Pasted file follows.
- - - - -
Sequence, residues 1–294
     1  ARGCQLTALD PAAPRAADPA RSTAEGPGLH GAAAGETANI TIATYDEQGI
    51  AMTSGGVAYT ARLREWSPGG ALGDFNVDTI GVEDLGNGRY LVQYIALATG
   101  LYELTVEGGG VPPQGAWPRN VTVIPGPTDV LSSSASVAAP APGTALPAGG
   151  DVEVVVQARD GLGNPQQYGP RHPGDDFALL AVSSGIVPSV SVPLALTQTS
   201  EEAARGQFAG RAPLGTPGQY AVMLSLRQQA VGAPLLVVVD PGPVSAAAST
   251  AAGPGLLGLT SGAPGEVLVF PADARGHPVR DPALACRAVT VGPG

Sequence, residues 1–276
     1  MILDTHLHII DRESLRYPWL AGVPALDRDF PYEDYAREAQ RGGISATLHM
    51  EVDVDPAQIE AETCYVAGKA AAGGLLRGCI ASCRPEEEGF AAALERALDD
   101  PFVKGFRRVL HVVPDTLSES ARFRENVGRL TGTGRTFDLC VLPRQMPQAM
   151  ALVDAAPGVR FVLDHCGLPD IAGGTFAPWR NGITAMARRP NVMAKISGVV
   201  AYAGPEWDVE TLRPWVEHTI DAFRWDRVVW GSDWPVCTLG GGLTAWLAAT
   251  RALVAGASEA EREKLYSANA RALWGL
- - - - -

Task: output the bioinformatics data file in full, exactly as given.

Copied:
Sequence, residues 1–294
     1  ARGCQLTALD PAAPRAADPA RSTAEGPGLH GAAAGETANI TIATYDEQGI
    51  AMTSGGVAYT ARLREWSPGG ALGDFNVDTI GVEDLGNGRY LVQYIALATG
   101  LYELTVEGGG VPPQGAWPRN VTVIPGPTDV LSSSASVAAP APGTALPAGG
   151  DVEVVVQARD GLGNPQQYGP RHPGDDFALL AVSSGIVPSV SVPLALTQTS
   201  EEAARGQFAG RAPLGTPGQY AVMLSLRQQA VGAPLLVVVD PGPVSAAAST
   251  AAGPGLLGLT SGAPGEVLVF PADARGHPVR DPALACRAVT VGPG

Sequence, residues 1–276
     1  MILDTHLHII DRESLRYPWL AGVPALDRDF PYEDYAREAQ RGGISATLHM
    51  EVDVDPAQIE AETCYVAGKA AAGGLLRGCI ASCRPEEEGF AAALERALDD
   101  PFVKGFRRVL HVVPDTLSES ARFRENVGRL TGTGRTFDLC VLPRQMPQAM
   151  ALVDAAPGVR FVLDHCGLPD IAGGTFAPWR NGITAMARRP NVMAKISGVV
   201  AYAGPEWDVE TLRPWVEHTI DAFRWDRVVW GSDWPVCTLG GGLTAWLAAT
   251  RALVAGASEA EREKLYSANA RALWGL